current privacy/security setup

Discussion in 'privacy technology' started by hierophant, Sep 8, 2010.

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  1. hierophant

    hierophant Registered Member

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    I'm not sure where this belongs, so I'm adding it here :doubt:

    All of my IRL personal and work data (except email) now reside on my Windows 2008 x64 Server in RAID10. For using that data, there's a Windows 7 Ultimate x64 VM in Hyper-V.

    Everything else resides on Ubuntu 10.04 x64 servers, with RAID5 and encrypted LVM, in VMs on Oracle VM VirtualBox. There's one VM reserved for my IRL email and casual browsing, one reserved for accessing bank etc. websites, one reserved for hierophant, and others reserved for my other identities. Each of the hierophant etc. VMs runs an appropriate VPN, and is otherwise fully firewalled.

    When I have time, I'll share more of the specifics. It was actually quite straightforward ;) Most of the Ubuntu servers are old Windows boxes, maxed out with 1 TB WD RE3 SATAs.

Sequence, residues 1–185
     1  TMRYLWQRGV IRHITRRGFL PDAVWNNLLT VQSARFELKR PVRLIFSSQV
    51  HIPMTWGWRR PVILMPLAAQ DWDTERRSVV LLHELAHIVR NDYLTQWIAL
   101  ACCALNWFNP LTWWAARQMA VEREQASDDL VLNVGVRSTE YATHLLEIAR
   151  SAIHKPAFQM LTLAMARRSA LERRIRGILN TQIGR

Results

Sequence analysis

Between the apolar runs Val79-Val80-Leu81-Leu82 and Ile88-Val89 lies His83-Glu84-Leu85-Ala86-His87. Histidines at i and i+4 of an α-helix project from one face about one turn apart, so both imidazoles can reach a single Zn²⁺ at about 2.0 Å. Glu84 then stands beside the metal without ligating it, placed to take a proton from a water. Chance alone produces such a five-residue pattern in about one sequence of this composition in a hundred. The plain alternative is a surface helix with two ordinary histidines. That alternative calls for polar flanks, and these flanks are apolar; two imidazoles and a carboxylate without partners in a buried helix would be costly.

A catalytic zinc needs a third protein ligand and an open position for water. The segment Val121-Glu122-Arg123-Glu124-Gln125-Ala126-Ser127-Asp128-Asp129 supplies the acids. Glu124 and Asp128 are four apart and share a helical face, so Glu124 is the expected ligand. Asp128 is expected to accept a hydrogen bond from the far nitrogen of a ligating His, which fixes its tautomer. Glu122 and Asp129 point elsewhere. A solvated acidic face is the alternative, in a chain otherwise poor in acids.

2. ccoates

    ccoates Registered Member

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    I'm still new to privacy concepts and software, but is there any information, like MAC addresses, that ends up being the same across all your VMs? Would anything like that, such as a unique MAC address or constantly using the same VPN service and ISP negate the point of having so many virtual machines? Or does that just prevent someone gaining access to all but a small portion of your data? And how do you remember that many passwords?
     
    Last edited: Sep 8, 2010
  3. hierophant

    hierophant Registered Member

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    I don't believe so. And perhaps someone will correct me. MAC addresses for VMs are assigned by the host. When you clone a VM, the clone gets a different MAC address.

    I only have one physical connection (ADSL). However, each identity uses a different VPN account, and only uses that one, with no overlap. This one (hierophant) uses a XeroBank account. Others use accounts with other providers.

    The isolation is mostly to prevent information leaks and malware attacks among identities.

    I have a mnemonic formalism, developed over the years, for very long passwords.

    Also, there are multiple layers. Most importantly, there's the LVM-decryption password. The user-account passwords are relatively unimportant, because they can easily be reset. The VM files are stored in TrueCrypt partitions, which are secured by keyfiles. And finally, the Ubuntu VMs have encrypted home directories.
     
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